Stan, one of our stalwarts, died in July 2013.
A top bloke with a great sense of humour, an engaging personality with a cheeky smile; an avid tramper who missed few chances to get his boots on and head into the hills; good company and fond of his girls, his home and his garden; never keen on having his own photo taken, but a great photographer who showed the beauty of the areas he tramped in; a true gentleman and a reliable friend to many.
That’s how people remember Stan Smith, and more than one mention his ‘cheeky little grin’.
Stan was born in Carterton, the only child of Ted and Vi Smith. He grew up on the family farm at the top of Dalefield Road and attended Dalefield School and Carterton District High. Young Stan played hockey (like every Dalefield kid) and was a Scout. His other interests included fishing and hunting. His early jobs in Carterton included a spell at Gordon Udy’s bike repair shop and as bicycle delivery boy for Knutson’s grocery store. Biking home from work could be tough into a nor’wester.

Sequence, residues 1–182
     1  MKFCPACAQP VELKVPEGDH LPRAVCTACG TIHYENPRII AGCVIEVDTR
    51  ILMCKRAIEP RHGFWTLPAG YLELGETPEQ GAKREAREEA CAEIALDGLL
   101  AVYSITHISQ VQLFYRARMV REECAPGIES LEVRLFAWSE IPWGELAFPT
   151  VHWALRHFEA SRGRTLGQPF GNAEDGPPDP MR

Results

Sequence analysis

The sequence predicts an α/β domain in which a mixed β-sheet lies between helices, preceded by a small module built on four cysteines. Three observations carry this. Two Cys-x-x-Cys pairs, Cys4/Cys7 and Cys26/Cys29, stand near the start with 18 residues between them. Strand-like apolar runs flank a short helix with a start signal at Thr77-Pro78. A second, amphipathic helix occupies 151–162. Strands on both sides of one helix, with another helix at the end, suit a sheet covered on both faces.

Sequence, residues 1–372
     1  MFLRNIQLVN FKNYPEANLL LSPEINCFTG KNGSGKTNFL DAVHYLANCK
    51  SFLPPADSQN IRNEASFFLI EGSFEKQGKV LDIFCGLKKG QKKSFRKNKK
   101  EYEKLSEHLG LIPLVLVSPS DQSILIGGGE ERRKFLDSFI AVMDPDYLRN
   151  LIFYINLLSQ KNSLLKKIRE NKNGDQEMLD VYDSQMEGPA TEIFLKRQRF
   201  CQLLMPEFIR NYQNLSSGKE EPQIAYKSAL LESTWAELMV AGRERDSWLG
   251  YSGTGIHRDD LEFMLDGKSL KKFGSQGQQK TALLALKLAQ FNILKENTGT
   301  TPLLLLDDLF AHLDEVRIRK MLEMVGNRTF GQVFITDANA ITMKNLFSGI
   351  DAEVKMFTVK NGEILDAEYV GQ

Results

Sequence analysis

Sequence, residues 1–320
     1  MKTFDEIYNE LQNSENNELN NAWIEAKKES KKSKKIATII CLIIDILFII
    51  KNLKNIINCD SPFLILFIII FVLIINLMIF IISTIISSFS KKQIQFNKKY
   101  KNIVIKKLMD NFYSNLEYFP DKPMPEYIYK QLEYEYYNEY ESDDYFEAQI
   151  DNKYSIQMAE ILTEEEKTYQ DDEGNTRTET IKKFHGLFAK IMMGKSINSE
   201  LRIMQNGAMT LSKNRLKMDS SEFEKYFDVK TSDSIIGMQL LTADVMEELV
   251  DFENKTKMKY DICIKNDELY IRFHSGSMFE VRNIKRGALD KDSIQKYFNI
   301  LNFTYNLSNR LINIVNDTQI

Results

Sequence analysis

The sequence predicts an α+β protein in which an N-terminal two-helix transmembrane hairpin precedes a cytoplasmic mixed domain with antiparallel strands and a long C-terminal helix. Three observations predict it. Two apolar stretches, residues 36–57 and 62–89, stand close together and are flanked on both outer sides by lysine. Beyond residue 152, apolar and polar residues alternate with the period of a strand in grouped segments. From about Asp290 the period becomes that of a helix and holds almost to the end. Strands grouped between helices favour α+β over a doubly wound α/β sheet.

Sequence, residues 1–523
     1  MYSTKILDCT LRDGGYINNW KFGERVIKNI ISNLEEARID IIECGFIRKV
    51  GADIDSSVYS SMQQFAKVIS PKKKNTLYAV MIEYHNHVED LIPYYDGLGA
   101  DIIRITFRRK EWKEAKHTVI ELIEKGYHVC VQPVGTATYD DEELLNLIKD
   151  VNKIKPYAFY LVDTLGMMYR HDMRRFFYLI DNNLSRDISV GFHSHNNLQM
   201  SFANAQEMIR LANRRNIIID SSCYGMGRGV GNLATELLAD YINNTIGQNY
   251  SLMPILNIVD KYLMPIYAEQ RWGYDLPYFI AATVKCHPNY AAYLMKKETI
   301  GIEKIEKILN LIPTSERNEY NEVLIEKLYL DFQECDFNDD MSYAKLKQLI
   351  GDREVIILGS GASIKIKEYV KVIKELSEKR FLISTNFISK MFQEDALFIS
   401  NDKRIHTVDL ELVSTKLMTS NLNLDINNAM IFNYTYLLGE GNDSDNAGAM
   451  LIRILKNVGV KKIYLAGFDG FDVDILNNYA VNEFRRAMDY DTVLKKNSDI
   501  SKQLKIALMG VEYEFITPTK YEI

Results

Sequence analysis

When he got into motor bikes, Stan was particular about looking after his BSA Bantam 125 and later his BSA B31 350 cc. Later he spent much time servicing and polishing his first car, a grey Austin 10.
Stan’s 51 year career in the automotive industry was a closed book to most SWTC members. He started at Fred Hill Motors, the Carterton GM dealer, in 1962. In 1980 the firm became Wagg & Harcombe, and when ‘Waggs’ closed its Carterton branch Stan’s spare parts job shifted to Masterton. Those who worked with him say his knowledge of GM components—even for old Bedfords and Vauxhalls—was second to none. At work as in the tramping club, Stan showed an interest in his colleagues and their families, and his love and knowledge of gardening rubbed off on many of them.
His bereaved employers posted this on Stan’s tribute page: